Peninsula Fly Fishers


  • April 03, 2019 10:28 AM | Anonymous member

    Hi all,

    I know you're having a fish out at Pyramid coming up, and wanted to share was successful for a friend and I . We were there 4 days, last Friday thru Monday night.

    We fished whino, popcorn, and Sutcliffe beach, only got 1 24" . Fished pelican the last half day and got 6 between 24_28".

    Best set up was intermediate sink with versaleader 15 ips,. 4' flouro  to weighted Olive wooley bugger, 2' dropper with weighted Olive balanced leech, all fish were caught on the balanced leech! 

    Good luck!

    Bob Ramsey

  • March 07, 2019 5:34 PM | Anonymous member

    Hi PFF members

    Below is my response to the ?  On my fly fishing skills on my application

    Hi Debbie

    I've been flyfishing for over 50 years, most all has been high mtn lakes and streams. 3 years ago I decided to chase nutrients rich world class rivers.Humbled and frustrated I found out I needed to learn a lot more. Dove in head first and read, researched, watched videos, and tried to apply on the waters. Learned new casting techniques, nymphing styles, indicators, hatches etc. Loving every minute of it! Hooked for life, on a never ending weekend!


    Recently retired, and a hunger for adventure and exploration! I've always called the Trinity Alps home away from home. Having family up their, theAlps we're my go to place, for camping, fishing and hunting, raised my children to enjoy and appreciate the great outdoors as I have, and cherish the memories! 

    I look forward to meeting you all, and sharing the waters with you!


  • June 01, 2018 12:17 PM | Anonymous member

    I would like two tickets for the July dinner. I will send a check  need address? Richard  Holubek Thank You

  • August 14, 2017 2:08 PM | Deleted user

    I have a guide, a car, and room reservations for two days on the Rogue in Oregon, September 20 and 21. I would like a fishing buddy. Interested? Call me at 650-233-2720.

  • February 26, 2017 10:49 AM | Anonymous member (Administrator)

    Conservation: PFF Trout in the Classroom                                February 14, 2017
    Or “How to return more fish to the water than you catch”.

    Les Junge is the chairperson for the PFF “Trout in the Classroom” program. Through this program young kids have their first shared experience with the “wild” in California outdoors. Through a classroom experience of hatching eggs and coordinated learning activities, students experience firsthand the value of aquatic environments, the balance in life that must be exercised to preserve and maintain the aquatic habitats. Plus, how their personal actions affect these valuable resources.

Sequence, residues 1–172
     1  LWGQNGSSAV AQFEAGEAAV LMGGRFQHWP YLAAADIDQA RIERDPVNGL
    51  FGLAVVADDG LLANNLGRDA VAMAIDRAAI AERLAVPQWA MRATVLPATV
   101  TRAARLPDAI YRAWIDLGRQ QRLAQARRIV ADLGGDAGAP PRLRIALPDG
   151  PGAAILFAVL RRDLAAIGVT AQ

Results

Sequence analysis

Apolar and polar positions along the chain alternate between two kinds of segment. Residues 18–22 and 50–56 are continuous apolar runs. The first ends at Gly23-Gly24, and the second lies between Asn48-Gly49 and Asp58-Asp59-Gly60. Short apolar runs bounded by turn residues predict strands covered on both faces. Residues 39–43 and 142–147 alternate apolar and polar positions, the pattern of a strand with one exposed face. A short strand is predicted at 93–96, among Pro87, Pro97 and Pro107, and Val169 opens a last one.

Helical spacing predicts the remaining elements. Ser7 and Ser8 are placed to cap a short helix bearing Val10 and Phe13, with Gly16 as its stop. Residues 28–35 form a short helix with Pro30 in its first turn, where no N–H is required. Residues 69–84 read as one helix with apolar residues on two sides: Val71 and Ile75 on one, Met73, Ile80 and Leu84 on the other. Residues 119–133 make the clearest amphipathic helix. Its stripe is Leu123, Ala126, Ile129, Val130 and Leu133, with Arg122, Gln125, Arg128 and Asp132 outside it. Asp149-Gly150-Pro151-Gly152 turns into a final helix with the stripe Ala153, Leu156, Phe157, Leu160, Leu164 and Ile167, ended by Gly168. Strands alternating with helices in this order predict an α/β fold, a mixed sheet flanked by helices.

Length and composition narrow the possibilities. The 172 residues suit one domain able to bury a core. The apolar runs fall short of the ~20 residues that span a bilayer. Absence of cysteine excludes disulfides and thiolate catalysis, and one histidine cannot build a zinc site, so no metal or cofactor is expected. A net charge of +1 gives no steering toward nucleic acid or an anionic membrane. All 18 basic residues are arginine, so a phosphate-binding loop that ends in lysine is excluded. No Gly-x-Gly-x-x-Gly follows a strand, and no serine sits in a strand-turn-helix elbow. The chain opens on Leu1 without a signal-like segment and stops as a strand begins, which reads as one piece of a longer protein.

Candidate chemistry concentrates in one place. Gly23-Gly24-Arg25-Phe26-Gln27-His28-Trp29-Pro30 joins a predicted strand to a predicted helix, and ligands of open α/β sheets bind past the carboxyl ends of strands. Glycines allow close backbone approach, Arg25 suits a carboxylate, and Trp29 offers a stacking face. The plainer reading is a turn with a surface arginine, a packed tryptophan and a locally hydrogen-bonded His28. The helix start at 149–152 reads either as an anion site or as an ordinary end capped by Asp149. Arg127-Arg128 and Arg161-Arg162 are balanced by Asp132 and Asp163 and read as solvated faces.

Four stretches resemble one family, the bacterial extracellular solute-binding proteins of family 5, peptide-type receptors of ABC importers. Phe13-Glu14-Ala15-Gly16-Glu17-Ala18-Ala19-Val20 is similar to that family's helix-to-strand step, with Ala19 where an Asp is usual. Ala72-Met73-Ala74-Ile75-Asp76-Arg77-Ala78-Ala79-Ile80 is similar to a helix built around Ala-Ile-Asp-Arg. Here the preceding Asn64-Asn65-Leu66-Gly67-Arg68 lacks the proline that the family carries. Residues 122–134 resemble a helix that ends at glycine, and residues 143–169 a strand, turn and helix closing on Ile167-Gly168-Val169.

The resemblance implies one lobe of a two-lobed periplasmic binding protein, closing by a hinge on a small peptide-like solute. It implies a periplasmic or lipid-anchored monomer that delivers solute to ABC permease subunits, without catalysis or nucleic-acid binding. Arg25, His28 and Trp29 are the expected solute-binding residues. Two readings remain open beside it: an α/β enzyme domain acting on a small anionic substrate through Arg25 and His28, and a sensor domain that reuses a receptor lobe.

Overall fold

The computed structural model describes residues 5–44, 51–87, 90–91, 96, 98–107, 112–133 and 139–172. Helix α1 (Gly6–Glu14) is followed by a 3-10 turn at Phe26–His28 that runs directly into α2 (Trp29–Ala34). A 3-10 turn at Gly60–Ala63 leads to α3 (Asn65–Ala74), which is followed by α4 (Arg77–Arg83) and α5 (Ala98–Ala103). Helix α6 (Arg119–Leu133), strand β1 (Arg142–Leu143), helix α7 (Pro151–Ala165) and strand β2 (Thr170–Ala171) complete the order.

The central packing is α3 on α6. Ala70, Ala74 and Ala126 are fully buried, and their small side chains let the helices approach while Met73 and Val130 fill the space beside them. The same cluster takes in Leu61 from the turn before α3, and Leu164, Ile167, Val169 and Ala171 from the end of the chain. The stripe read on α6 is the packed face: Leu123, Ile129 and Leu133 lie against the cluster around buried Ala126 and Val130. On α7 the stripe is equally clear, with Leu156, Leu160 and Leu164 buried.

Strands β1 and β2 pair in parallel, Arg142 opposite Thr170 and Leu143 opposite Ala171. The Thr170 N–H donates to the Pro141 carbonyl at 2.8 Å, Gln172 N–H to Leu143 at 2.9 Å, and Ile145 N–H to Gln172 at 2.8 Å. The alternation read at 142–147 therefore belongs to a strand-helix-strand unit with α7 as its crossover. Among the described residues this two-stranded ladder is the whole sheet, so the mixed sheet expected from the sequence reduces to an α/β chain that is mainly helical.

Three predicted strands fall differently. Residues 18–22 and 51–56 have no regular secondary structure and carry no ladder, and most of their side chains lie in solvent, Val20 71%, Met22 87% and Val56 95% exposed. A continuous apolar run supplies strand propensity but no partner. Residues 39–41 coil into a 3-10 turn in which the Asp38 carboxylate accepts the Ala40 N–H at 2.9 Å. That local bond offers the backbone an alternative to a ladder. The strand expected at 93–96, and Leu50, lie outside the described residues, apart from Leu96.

Les, teachers, and the students set up a chilled aquarium in the classroom. They receive fish eggs under a special CDFW permit, and observe, discuss, and learn about the fish and their environment as they hatch and develop. The experience culminates in a field trip to a local lake where the fish are released along with songs, poems, and Les’ stories to remember the experience. This is a hands-on, interdisciplinary project for grades K-12 and has the following objectives.

    • Provide a positive learning program for classrooms on the value of aquatic ecosystems through the hatching and release of trout
    • Help students learn about their local watershed and how human activities affect the quality of water in local streams, lakes and the bay.
    • Provide support to teachers to enable them to participate in this learning experience.

    In 2016 there were 11,000 students in the greater bay area schools that made eye-to-eye contact with a baby fish. Just imagine the experience and what they learned. That was 11% of all program students nationwide. In 2018 there is the opportunity to increase those numbers.  If you are interested in volunteering to connect fish and outdoor stories with kids, please contact Les Junge.       
    Article by Gary Trott. PFF Secretary. Keeper of fish stories.    

  • October 06, 2016 3:15 PM | Anonymous

    PFF Members, Thank you for posting some of our photos on the website. I would like to learn how that was accomplished. 

    Thanks for your thoughtfulness.   Christine

  • July 25, 2016 3:46 PM | Anonymous member

    Hi,Peninsula Flyfishers

    Just wanted to get the word out that a new and large home on the lower sac river (same street as ours) is for sale was the home of our good neighbor's/friend's mom, who passed away recently.....

    It's 19104 River Crest Drive, Anderson CA, about 2800 sq ft, with a list price of $699, is

    So,if anyone is looking, this is a special opportunity for a great house...and some neighbors (us!) that you would know!

    Thanks...and all the best....Judy Decker-Inouye & Victor Inouye

  • June 25, 2016 11:07 AM | Anonymous

    If anyone has decided to stop fly tying and have all the gear they want to gift or sell to a total newbie then let me know - I would make a great new home for everything.

    I dont plan to jump in too quickly, but it would be great to have a setup as getting all the materials and equipment seems expensive and time-consuming...I am in search of a shortcut to get me started.



  • September 03, 2012 12:57 PM | Anonymous member (Administrator)

    How to Release Trout to Maximize Survival

    These tips are specifically for trout, but apply to all fish. 

    1. Use flies and artificial lures to reduce hook mortality.